As the 2018-2019 school year came to an end last June, incoming families at East Village Community School (EVCS), a progressive Pre-K to 5th grade elementary school in New York City’s unzoned District 1 where state test scores place it at #5 in the District, received the following email from Principal Bradley Goodman (excerpted below):
(O)ur School Leadership Team met with the District 1 Superintendent and a bunch of other folks from central DOE and the D1 Community Education Council to discuss a possible solution to a challenge we have long grappled with here at our school – space….
Here’s the idea: Our school might pack up and leave our current building, and move down the block to the PS 34 building, on 12th Street between Avenues C and D. PS 34 is currently a Pre-K-8 school, but if this idea goes forward to proposal and is eventually voted up by the Panel for Education Policy, the middle school would be “truncated” and EVCS would be “merged” with PS 34 to become one school. EVCS would be the “prevailing school”, meaning we would keep our name and number, I would remain the principal, and the two staffs would be combined to serve all of the students. PS 34’s current enrollment is essentially one class per grade level – so we would become a school with three classes per grade level, Pre-K through 5….
Another very important aspect to this scenario is the way it would instantly change the demographics of both schools. PS 34 is currently nearly 100% students who qualify for free or reduced price lunch, and students who identify as Black or Hispanic. EVCS currently has 27% students who qualify for free or reduced price lunch, and 28% students who identify as Black or Hispanic. Neither of our schools are currently meeting the District targets for diversity or authentically reflecting the demographics of the communities we serve, but once merged we would.
Multiple meetings were convened to allow members of both school communities to weigh in on the proposed merger.
Multiple parents (who all asked to remain anonymous) emailed me with their reports:
I think the concept (integration) is great, I just didn’t get the sense that it’s been really thought through in terms of implementation. A parent from EVCS asked whether the water has been tested at PS 34 because it’s literally in the shadow of a big Con Ed plant. To me, it seemed like a valid question and concern, as the soil in this area has often tested poorly because it was the former gaslight district and there’s generally concern (or should be) about water fountains in schools (among other things). An African American parent was outraged by this “racist” question, and got support from applause in the auditorium. It didn’t seem like a racist comment to me, but perhaps a sad acknowledgement that schools serving mostly children in poverty are not as well scrutinized as schools in more affluent areas of the city.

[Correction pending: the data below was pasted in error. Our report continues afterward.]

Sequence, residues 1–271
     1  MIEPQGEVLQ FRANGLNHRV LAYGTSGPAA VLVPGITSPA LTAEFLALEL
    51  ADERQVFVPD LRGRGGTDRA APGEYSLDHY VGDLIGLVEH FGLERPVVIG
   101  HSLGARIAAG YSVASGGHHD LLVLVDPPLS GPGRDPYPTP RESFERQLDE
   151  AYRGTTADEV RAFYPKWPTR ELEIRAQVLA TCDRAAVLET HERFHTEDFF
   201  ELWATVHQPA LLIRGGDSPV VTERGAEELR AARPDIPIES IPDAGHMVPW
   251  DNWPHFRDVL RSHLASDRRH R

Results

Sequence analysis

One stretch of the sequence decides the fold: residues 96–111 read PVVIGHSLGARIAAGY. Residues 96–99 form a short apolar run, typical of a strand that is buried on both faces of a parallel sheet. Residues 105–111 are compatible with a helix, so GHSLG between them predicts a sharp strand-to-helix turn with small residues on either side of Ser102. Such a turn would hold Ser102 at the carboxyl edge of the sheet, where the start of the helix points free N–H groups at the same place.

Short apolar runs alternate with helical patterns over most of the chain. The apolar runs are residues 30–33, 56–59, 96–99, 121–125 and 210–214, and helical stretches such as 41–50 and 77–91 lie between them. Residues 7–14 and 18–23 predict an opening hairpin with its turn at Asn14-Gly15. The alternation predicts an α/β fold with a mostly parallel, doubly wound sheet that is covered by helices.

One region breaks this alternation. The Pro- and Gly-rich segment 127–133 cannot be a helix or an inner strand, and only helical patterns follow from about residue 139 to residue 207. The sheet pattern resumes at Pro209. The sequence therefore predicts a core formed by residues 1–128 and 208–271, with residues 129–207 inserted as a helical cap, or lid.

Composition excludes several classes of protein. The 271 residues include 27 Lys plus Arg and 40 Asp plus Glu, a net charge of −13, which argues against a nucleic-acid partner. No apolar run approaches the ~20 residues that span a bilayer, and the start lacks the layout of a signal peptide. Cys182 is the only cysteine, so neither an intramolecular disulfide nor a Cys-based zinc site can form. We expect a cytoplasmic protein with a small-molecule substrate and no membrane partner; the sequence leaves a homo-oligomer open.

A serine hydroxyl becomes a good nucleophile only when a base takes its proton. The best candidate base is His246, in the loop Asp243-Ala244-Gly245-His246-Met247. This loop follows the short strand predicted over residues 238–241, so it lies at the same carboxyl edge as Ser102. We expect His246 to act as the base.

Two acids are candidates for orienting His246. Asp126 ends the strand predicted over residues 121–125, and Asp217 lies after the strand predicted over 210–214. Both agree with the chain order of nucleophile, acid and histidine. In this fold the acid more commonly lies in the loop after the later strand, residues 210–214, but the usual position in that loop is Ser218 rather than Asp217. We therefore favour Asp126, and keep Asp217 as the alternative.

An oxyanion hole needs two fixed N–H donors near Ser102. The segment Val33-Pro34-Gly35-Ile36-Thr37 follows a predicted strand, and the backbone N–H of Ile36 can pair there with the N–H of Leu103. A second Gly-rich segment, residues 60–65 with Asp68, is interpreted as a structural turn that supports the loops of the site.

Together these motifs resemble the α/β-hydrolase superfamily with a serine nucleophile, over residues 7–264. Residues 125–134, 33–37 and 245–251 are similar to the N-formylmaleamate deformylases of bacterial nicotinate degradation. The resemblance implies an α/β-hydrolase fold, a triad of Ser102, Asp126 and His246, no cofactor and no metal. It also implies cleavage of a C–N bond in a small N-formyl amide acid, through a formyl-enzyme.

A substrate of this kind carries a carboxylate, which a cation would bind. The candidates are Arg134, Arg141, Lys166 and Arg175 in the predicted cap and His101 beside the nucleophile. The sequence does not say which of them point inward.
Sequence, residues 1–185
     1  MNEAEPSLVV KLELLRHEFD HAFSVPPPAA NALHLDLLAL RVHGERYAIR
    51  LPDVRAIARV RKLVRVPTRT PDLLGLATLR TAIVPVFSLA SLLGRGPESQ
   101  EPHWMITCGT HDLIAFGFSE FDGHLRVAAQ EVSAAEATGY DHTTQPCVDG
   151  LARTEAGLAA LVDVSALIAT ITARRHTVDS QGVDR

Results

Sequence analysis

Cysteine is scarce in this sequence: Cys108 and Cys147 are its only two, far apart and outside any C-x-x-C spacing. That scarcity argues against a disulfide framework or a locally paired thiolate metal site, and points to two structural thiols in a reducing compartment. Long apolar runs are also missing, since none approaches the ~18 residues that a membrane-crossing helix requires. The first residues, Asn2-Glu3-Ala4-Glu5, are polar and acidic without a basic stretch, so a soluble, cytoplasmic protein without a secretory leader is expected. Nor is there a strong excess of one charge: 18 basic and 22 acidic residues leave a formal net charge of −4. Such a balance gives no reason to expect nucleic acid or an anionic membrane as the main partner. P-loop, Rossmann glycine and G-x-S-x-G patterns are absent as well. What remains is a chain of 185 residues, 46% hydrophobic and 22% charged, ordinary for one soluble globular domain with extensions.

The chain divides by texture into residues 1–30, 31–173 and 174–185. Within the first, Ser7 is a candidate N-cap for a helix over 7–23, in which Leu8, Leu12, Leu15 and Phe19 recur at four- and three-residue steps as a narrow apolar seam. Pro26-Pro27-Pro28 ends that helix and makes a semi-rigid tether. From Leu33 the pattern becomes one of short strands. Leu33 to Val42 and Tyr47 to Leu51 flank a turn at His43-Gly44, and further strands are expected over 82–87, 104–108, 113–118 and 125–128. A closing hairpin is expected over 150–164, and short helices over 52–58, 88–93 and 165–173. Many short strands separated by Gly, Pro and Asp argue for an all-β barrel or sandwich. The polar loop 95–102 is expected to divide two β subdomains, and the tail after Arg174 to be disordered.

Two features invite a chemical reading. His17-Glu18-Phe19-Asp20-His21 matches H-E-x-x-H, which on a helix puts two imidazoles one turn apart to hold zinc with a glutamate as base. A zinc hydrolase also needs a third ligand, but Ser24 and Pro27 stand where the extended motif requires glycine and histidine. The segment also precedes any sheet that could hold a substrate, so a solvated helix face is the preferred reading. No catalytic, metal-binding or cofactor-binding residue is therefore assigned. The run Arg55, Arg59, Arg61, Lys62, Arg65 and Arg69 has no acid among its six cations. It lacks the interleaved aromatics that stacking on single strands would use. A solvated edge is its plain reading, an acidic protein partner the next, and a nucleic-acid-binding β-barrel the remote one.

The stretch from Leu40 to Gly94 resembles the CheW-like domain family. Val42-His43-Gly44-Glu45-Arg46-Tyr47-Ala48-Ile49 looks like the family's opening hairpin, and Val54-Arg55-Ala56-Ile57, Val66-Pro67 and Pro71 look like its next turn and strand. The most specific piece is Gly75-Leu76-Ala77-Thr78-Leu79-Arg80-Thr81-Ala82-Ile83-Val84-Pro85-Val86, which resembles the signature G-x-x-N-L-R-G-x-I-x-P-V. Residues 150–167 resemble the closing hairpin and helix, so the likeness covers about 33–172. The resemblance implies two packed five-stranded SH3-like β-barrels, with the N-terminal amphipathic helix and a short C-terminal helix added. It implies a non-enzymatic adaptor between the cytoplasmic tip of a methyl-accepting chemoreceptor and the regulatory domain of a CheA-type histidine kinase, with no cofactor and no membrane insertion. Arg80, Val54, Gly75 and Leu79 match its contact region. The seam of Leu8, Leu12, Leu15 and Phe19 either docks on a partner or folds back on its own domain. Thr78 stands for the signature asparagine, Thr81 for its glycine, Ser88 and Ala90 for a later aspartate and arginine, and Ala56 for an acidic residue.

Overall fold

The PS34 community doesn’t want to merge with EVCS and a member of CEC1 vocally opposes the merger. (One reason is PS34 parents don’t want to lose free after school daycare. And they view the merger as a take over.) Integration activists need to touch base with people they are trying to help because, when Naomi (Pena, Community Education Council 1 Director) and another CEC1 member listened to the PS34 community, Naomi said, “Maybe this isn’t the right merger for these two school communities.”
I attended two meetings in June and was a bit dismayed by both. I felt the meetings were a harbinger of the difficulties involved ahead. I think these are actually discussions that need to be had more often but the meetings felt skewed in favor of “being on the right side of history “ and “making the school look like the neighborhood”. It didn’t feel like parents were really free to air thoughts or concerns for fear they would be seen as not politically correct. It felt very strange to me – I actually think it’s great to talk about race and unspoken biases, and wish we all did this more often, but the auditorium was almost entirely white and a few Asians, and the one African American woman (I’m not sure if she was PS 34 or EVCS) seemed to be representing a whole community, which all made for a strange dynamic.